Funding for infrastructure is generally done with taxation or user-pay systems. More commonly, a combination of the two systems is put into place. With an infrastructure that is already years behind and rising construction prices spurred on by a booming economy, there needs to be innovative funding and financing approaches.
“We’re looking at innovative solutions for our projects,” noted Neil McQuay, executive director of major capital projects with Alberta Infrastructure and Transportation. “We’re looking for integration of the design, construction and maintenance of our highways, taking all those costs and looking at a single source.”
More precisely, McQuay and the provincial government are looking at public/private partnerships, or P3 projects.
With P3 projects there is a fixed price on the payment schedule for 30 years, a fixed completion date and a 30-year warranty.
“I have no problem making the claim this is faster to produce,” added McQuay.
Traditional delivery of highway projects takes about six years to complete, while with a P3 project most are delivered in four years; and once the contract is signed by a private company, there are no changes.
“There wasn’t one change made to the costs of the southeast Anthony Henday Drive in the entire process,” explained McQuay. “There are no negotiations once the contract is signed. They try, but we always say ‘No’ and there hasn’t been a problem so far.”
The P3 projects are delivered on time, which is encouraged by significant penalties for lateness on the given timeline. Once the project is completed, all regular maintenance falls to the hands of the contractor, while the government will pick up the tab on any future lane expansions or third-party damage.
“P3s are not just a funding mechanism, but rather a delivery mechanism. P3s transfer whole-of-life responsibility,” explained Nick Hann, executive director of Macquarie North America. During the last 10 to 15 years, Macquarie has become one of the largest private sector investors across the world.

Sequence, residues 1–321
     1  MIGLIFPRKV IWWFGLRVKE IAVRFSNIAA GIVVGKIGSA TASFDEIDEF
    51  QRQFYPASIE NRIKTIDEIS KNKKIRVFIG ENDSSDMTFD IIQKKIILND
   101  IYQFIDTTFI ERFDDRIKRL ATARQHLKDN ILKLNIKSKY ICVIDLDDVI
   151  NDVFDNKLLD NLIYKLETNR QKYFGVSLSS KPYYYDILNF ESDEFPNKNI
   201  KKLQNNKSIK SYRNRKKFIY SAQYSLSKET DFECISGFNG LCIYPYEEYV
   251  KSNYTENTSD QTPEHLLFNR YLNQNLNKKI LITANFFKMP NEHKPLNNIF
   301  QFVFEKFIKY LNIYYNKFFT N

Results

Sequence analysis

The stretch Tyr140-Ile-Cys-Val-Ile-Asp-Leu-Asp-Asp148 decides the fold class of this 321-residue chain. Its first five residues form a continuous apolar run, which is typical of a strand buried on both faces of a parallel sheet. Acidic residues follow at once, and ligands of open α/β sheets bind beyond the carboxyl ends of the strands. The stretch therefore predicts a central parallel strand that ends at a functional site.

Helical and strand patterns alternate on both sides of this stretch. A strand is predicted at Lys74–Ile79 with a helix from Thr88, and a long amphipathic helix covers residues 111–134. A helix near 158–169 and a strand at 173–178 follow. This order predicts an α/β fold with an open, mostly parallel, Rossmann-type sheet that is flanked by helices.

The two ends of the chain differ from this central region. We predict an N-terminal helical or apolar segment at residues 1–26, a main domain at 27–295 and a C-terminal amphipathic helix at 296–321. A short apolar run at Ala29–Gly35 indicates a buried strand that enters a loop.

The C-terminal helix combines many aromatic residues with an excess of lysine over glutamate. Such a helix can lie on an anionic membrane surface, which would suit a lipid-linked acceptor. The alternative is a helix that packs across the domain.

“People confuse P3s with privatization, so there’s lots of fear mongering of P3s but that’s not the case,” said Hann. “P3s actually give the government more control by setting provisions and writing the agenda while stepping back and ensuring it’s fulfilled.”
As well as taking over management of Chicago’s Skyway on a 99-year contract, Macquarie has other infrastructure investments all over the world, including one in Northern B.C., which could serve as a possible example for road service in Northern Alberta.
“The Sierra Yoyo Design road in Fort Nelson in northeast B.C. is funded off the government balance sheets through overload truck fees and royalty payments,” explained Hann. “It was a small road, only $40 million, but could be an excellent model for Fort McMurray. Sierra is a good model for companies paying for better service roads through royalty payments.”
Others however envision improvement in the region with good old-fashioned tolling and better management. During his address to the luncheon crowd, Lougheed suggested a heavily tolled roadway was established for the industry – with a free option for the public – and a reduction in the number of developments in the region to allow for better management of the infrastructure.